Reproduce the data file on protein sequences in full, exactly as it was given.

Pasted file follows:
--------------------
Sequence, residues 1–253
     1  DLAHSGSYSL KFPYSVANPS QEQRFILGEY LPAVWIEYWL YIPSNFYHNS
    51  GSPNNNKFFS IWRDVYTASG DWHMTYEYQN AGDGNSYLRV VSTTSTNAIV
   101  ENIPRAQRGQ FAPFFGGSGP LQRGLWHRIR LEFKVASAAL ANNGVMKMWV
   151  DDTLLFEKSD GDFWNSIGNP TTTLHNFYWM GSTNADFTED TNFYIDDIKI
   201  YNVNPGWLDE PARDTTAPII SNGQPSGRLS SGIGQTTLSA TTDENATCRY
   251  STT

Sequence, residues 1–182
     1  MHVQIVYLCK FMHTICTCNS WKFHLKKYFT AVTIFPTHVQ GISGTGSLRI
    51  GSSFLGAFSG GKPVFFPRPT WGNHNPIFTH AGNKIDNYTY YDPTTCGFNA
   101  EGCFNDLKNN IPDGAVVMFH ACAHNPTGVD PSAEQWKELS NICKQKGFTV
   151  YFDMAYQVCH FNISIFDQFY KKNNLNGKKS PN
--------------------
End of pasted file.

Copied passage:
Sequence, residues 1–253
     1  DLAHSGSYSL KFPYSVANPS QEQRFILGEY LPAVWIEYWL YIPSNFYHNS
    51  GSPNNNKFFS IWRDVYTASG DWHMTYEYQN AGDGNSYLRV VSTTSTNAIV
   101  ENIPRAQRGQ FAPFFGGSGP LQRGLWHRIR LEFKVASAAL ANNGVMKMWV
   151  DDTLLFEKSD GDFWNSIGNP TTTLHNFYWM GSTNADFTED TNFYIDDIKI
   201  YNVNPGWLDE PARDTTAPII SNGQPSGRLS SGIGQTTLSA TTDENATCRY
   251  STT

Sequence, residues 1–182
     1  MHVQIVYLCK FMHTICTCNS WKFHLKKYFT AVTIFPTHVQ GISGTGSLRI
    51  GSSFLGAFSG GKPVFFPRPT WGNHNPIFTH AGNKIDNYTY YDPTTCGFNA
   101  EGCFNDLKNN IPDGAVVMFH ACAHNPTGVD PSAEQWKELS NICKQKGFTV
   151  YFDMAYQVCH FNISIFDQFY KKNNLNGKKS PN